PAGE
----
Much like in Lake City, circulation of e-materials is “restricted by the size of our collection,” McGee said. “Our physical collection is much larger than our online collection.”
Misselt said that in 2018, the River Falls Public Library total circulation was 284,918 items. Of those, 19,839 were ebooks and 15,874 were audio books. River Falls also has electronic collections, and patrons “downloaded library information from those collections more than 34,000 times,” Misselt said. “People are clearly reading, but the range of reading formats is broader than ever.”
McGee is proud of library use in Red Wing. “We work very hard to make the library a destination for our patrons, not just a stop,” McGee said. “We have worked on our collection development to further complement our growing community, and we plan to continue to have a collection that represents all members of our community.”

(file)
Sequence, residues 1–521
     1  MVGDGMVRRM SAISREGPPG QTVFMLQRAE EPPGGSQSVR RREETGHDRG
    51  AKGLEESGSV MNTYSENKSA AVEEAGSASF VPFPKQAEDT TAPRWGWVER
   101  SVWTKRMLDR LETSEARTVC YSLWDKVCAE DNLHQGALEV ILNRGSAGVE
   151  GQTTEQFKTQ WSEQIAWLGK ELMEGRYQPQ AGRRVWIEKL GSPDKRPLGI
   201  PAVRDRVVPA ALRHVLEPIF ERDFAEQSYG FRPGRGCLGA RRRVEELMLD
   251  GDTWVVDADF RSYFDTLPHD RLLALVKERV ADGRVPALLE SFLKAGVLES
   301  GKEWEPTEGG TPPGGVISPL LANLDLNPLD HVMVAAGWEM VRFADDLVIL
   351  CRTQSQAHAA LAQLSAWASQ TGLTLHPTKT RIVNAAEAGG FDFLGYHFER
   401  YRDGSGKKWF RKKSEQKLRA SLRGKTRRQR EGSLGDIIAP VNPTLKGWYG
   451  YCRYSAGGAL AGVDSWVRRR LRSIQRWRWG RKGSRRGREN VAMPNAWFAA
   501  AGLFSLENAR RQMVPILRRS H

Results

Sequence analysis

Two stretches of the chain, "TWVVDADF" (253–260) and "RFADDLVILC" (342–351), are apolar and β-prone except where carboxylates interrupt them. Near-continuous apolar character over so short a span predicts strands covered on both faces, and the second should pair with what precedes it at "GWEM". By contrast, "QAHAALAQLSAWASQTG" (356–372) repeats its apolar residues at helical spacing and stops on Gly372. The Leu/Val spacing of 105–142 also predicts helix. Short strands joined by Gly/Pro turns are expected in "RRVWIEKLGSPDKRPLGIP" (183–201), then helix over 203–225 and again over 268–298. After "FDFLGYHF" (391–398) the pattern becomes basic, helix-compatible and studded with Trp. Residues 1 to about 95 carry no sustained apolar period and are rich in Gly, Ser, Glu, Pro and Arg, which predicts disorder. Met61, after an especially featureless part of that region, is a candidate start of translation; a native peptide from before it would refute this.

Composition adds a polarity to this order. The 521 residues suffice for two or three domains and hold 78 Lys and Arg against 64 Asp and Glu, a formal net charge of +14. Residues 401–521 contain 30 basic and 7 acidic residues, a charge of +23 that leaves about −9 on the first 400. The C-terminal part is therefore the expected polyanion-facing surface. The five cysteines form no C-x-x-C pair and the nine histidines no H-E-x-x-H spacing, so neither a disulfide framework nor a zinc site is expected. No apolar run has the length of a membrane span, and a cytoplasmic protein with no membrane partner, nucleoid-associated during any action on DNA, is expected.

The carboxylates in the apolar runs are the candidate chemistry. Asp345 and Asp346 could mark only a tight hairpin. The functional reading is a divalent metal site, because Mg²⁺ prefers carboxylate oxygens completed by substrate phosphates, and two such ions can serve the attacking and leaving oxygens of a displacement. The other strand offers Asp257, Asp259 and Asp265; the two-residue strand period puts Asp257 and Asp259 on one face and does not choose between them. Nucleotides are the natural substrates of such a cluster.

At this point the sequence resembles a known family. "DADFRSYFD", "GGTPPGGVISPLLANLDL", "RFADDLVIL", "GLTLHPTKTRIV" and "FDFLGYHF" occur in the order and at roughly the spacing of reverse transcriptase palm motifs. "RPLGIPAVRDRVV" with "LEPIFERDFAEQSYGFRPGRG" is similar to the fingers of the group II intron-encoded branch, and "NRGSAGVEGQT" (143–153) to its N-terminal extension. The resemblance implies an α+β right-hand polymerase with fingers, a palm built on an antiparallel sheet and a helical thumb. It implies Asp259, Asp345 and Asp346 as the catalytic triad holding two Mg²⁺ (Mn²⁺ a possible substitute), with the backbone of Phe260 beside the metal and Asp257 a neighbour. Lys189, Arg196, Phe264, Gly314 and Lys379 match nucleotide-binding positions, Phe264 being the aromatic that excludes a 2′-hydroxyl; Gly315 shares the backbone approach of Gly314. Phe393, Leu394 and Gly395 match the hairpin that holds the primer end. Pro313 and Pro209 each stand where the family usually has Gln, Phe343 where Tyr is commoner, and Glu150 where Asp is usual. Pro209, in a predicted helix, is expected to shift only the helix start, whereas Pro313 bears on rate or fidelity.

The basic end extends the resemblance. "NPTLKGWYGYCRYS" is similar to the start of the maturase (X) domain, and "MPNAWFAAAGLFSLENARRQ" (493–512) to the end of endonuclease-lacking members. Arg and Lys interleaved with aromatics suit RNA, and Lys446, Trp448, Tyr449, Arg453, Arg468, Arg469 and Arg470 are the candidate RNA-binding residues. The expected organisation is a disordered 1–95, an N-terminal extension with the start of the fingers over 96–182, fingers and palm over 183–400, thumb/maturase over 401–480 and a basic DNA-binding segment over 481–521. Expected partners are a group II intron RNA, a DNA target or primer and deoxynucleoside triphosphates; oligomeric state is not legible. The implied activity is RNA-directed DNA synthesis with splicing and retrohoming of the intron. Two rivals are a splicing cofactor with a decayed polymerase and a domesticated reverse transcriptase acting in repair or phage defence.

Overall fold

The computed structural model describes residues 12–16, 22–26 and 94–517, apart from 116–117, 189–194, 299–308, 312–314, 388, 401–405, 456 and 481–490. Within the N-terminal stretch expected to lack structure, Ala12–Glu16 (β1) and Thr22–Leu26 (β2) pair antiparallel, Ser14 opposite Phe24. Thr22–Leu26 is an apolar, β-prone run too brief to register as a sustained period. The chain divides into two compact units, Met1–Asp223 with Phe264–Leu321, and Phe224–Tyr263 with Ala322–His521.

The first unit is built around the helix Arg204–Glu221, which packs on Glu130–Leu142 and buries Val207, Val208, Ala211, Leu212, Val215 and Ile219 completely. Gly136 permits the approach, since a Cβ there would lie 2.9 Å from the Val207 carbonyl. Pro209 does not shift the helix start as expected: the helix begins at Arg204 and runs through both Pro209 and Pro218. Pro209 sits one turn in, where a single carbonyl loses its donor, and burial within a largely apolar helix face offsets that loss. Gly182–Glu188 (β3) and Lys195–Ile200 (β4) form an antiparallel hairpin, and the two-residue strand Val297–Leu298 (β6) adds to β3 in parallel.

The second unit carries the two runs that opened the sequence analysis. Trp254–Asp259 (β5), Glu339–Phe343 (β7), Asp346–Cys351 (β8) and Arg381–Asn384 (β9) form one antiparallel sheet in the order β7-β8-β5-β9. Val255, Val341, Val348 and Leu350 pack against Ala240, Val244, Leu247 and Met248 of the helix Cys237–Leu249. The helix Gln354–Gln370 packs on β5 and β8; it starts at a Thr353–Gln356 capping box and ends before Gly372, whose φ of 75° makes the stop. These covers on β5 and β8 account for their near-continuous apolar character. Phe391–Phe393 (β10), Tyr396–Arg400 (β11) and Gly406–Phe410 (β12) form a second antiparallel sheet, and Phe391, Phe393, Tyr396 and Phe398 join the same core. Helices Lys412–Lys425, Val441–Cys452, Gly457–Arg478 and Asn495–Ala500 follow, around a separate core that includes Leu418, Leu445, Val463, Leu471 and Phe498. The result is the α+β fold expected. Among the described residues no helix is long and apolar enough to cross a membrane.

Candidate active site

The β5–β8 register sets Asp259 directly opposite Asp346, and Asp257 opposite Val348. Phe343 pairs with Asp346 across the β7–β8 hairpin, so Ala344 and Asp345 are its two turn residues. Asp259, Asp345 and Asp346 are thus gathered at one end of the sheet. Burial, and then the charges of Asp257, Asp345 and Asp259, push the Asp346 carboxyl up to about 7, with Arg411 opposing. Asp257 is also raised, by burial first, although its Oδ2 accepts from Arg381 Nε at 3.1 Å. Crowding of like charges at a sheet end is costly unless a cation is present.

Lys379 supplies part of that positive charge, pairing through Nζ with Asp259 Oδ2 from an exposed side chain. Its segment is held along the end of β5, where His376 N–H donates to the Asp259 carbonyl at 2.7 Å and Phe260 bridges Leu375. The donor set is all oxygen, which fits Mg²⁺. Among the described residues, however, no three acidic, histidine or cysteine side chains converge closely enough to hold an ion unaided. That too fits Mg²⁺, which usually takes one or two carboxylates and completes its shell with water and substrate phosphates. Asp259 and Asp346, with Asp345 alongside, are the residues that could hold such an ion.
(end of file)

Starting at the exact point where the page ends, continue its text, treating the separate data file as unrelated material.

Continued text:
She added, “We just completed a survey and developed a long-range plan for the next 10 years.”
The national trend may be toward less leisure reading, but statistics show that area readers are keeping the librarians busy.
Boost your book minutes
On its website, Brilliant Books makes these recommendations if you want to increase your leisure reading time.
- Carry a book with you. Whether you're stuck in line at the Department of Motor Vehicles or waiting in a doctor's office, sneak in that pleasure reading where you can.
- Get a recommendation. Are you stuck in a reading rut? Get a recommendation from a friend, a librarian, or a bookseller.
- Set a schedule. Forming a new habit is tough, even if it's for something you enjoy. Set an alarm to remind yourself to step away from the work of the day and take time to enjoy a book.